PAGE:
Maternal caffeine intake and DNA methylation in newborn cord blood

Kristen J. Polinski, Alexandra Purdue-Smithe, Sonia L. Robinson, Sifang Kathy Zhao, Karen C. Schliep, Robert M. Silver, Weihua Guan, Enrique F. Schisterman, Sunni L. Mumford, Edwina H. Yeung

Research output: Contribution to journalArticlepeer-review

4 Scopus citations


Background: Epigenetic mechanisms may underlie associations between maternal caffeine consumption and adverse childhood metabolic outcomes. However, limited studies have examined neonate DNA methylation (DNAm) patterns in the context of preconception or prenatal exposure to caffeine metabolites. Objectives: We examined preconception and pregnancy caffeine exposure with DNAm alterations in neonate cord blood (n = 378). Methods: In a secondary analysis of the Effects of Aspirin in Gestation and Reproduction Trial (EAGeR), we measured maternal caffeine, paraxanthine, and theobromine concentrations from stored serum collected preconception (on average 2 months before pregnancy) and at 8 weeks of gestation. In parallel, self-reported caffeinated beverage intake was captured via administration of questionnaires and daily diaries. We profiled DNAm from the cord blood buffy coat of singletons using the MethylationEPIC BeadChip. We assessed associations of maternal caffeine exposure and methylation β values using multivariable robust linear regression. A false discovery rate (FDR) correction was applied using the Benjamini-Hochberg method. Results: In preconception, the majority of women reported consuming 1 or fewer servings/day of caffeine on average, and caffeine and paraxanthine metabolite levels were 88 and 36 μmol/L, respectively. Preconception serum caffeine metabolites were not associated with individual cytosine-guanine (CpG) sites (FDR >5%), though pregnancy theobromine was associated with DNAm at cg09460369 near RAB2A (β = 0.028; SE = 0.005; FDR P = 0.012). Preconception self-reported caffeinated beverage intake compared to no intake was associated with DNAm at cg09002832 near GLIS3 (β = -0.013; SE = 0.002; FDR P = 0.036). No associations with self-reported intake during pregnancy were found. Conclusions: Few effects of maternal caffeine exposure on neonate methylation differences in leukocytes were identified in this population with relatively low caffeine consumption.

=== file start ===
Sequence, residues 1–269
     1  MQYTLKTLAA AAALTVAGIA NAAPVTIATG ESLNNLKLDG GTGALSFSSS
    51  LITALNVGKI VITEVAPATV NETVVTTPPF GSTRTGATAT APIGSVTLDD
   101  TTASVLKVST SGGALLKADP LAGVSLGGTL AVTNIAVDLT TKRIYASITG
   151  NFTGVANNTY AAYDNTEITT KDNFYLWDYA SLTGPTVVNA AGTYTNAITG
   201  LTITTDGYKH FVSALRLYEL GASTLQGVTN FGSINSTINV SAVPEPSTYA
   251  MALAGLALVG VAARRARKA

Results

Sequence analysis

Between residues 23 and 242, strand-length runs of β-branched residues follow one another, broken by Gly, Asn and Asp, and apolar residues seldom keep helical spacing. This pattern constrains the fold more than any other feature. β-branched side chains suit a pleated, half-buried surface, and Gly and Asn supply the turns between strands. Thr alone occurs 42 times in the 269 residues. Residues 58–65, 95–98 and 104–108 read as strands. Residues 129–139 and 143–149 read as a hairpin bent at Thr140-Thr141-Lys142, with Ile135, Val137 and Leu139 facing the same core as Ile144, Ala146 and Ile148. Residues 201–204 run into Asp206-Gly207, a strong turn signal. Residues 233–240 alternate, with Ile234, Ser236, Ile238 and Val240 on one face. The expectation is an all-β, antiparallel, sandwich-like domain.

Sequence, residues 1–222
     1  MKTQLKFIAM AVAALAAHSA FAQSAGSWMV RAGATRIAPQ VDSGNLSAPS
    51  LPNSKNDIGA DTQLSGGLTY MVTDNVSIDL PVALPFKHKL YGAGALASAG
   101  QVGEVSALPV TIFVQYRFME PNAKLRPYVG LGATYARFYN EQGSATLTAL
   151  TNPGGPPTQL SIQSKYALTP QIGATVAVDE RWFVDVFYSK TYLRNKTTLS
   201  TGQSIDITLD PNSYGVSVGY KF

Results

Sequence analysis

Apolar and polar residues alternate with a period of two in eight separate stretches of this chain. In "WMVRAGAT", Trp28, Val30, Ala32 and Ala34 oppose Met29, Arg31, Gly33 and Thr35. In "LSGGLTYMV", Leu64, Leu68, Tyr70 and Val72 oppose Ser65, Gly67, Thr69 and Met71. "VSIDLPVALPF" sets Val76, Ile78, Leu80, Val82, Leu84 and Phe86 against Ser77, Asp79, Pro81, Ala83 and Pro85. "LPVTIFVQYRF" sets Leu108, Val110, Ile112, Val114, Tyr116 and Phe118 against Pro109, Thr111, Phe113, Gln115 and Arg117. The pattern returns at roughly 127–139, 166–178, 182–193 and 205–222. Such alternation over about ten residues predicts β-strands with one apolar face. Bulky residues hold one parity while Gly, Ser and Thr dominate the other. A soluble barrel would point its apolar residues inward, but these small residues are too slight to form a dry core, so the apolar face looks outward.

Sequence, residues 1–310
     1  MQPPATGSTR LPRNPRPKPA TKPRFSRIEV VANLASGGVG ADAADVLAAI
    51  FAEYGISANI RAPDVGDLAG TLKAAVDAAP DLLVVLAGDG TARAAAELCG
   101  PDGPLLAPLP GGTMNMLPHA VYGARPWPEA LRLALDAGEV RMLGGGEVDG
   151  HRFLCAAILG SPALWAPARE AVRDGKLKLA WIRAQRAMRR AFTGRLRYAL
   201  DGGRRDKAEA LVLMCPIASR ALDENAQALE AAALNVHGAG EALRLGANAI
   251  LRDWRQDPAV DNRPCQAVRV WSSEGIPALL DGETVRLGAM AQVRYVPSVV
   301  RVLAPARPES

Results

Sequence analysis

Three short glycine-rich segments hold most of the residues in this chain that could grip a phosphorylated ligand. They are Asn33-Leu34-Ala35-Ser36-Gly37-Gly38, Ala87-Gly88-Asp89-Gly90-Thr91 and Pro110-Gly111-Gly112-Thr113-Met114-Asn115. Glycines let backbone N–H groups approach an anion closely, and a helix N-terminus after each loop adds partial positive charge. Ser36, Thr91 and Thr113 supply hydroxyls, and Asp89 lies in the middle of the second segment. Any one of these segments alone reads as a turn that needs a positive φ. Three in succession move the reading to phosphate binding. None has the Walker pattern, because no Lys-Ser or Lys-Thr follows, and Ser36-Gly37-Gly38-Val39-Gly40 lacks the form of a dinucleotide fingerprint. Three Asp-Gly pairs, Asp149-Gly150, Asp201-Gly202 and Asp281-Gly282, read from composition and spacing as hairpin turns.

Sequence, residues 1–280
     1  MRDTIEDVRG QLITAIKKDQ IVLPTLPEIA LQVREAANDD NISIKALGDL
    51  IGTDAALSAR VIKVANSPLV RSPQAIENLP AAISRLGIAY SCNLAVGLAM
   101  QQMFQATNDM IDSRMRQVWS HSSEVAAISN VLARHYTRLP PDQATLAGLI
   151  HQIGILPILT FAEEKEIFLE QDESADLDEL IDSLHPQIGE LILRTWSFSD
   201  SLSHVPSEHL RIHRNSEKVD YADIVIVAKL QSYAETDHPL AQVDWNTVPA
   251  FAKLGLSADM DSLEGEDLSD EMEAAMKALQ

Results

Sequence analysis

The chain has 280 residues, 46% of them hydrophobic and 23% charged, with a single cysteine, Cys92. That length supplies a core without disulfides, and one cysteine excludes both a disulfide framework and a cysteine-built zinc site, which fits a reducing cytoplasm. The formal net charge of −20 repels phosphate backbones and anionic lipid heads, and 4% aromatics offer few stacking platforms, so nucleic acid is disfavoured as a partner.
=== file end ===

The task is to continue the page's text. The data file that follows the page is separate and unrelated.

Original languageEnglish (US)
Pages (from-to)482-491
Number of pages10
JournalAmerican Journal of Clinical Nutrition
Issue number2
StatePublished - Feb 1 2022
Externally publishedYes

Bibliographical note

Funding Information:
Supported by the Intramural Research Program of the Eunice Kennedy Shriver National Institute of Child Health and Human Development (contract numbers HHSN267200603423, HHSN267200603424, HHSN267200603426, and HHSN275201300023I-HHSN2750008).

Publisher Copyright:
© 2021 Published by Oxford University Press on behalf of the American Society for Nutrition 2021.


  • Caffeine intake
  • DNA methylation
  • Maternal exposures
  • Mother-child dyads
  • Periconception
  • Humans
  • Middle Aged
  • Male
  • Gestational Age
  • Epigenesis, Genetic/drug effects
  • Caffeine/adverse effects
  • Pregnancy
  • Fetal Blood/chemistry
  • DNA Methylation/drug effects
  • Adult
  • Female
  • Maternal Exposure/adverse effects
  • Theophylline/blood
  • Infant, Newborn
  • Theobromine/blood

PubMed: MeSH publication types

  • Research Support, N.I.H., Intramural
  • Journal Article
  • Research Support, N.I.H., Extramural


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